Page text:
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White blood cell populations in patients undergoing major vascular surgery.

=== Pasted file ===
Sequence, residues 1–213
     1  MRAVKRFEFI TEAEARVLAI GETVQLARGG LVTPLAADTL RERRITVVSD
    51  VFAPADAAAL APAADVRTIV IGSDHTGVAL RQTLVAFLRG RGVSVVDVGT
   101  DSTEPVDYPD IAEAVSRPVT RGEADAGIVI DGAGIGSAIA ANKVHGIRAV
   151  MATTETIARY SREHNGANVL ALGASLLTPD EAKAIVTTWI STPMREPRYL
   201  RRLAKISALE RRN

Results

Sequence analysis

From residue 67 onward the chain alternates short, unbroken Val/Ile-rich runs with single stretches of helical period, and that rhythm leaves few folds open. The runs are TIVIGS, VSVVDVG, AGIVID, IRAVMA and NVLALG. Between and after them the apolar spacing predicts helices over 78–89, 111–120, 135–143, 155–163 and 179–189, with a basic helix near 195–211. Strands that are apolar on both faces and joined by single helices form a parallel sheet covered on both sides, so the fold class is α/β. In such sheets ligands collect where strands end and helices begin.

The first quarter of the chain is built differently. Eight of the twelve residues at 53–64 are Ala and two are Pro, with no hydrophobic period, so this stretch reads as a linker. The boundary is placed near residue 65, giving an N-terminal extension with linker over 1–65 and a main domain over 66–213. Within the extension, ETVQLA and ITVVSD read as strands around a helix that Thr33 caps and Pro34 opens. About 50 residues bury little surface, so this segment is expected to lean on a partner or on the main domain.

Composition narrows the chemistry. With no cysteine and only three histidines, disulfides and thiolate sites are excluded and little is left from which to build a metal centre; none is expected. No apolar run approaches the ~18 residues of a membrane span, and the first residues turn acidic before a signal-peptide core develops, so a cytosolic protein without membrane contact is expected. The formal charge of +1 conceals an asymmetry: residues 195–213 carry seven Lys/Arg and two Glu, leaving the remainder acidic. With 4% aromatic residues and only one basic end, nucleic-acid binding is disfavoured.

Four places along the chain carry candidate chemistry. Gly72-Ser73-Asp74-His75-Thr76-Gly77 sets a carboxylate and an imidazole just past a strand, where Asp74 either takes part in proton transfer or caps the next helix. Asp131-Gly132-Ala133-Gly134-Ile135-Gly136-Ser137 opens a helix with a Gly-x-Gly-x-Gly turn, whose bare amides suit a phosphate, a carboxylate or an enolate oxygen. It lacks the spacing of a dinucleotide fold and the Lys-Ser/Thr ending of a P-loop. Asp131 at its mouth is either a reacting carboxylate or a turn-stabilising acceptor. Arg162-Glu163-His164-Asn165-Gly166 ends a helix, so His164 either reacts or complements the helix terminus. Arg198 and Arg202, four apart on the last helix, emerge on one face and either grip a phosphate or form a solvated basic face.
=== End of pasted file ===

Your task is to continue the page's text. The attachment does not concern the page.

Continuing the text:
In 16 patients undergoing major vascular surgery, study was made of variations in white blood cell populations, cortisol concentration, pulmonary vascular resistance and intrapulmonary shunting. Six hours post-operatively the number of circulating lymphocytes and the relative proportion of T-lymphocytes were significantly reduced. During and after operation the relative proportion of T-suppressor cells rose from 20.5 to 44.8% of all lymphocytes. There was corresponding fall in T-helper cells. The proportion of lymphocytes with surface-bound Ig (B-lymphocytes) did not alter during surgery. No correlation was found between the number of circulating white blood cells and the haemodynamic parameters. Intrapulmonary shunting, which was increased already before operation, remained unchanged during and after surgery. Cortisol levels increased significantly and peaked 6 hours postoperatively. Significant correlations were found between cortisol levels and reduction in total number of lymphocytes and in percentage of T-lymphocytes. The study thus demonstrated significant changes in white blood cell populations following major vascular surgery and indicated a correlation between lymphocyte concentration and cortisol level.

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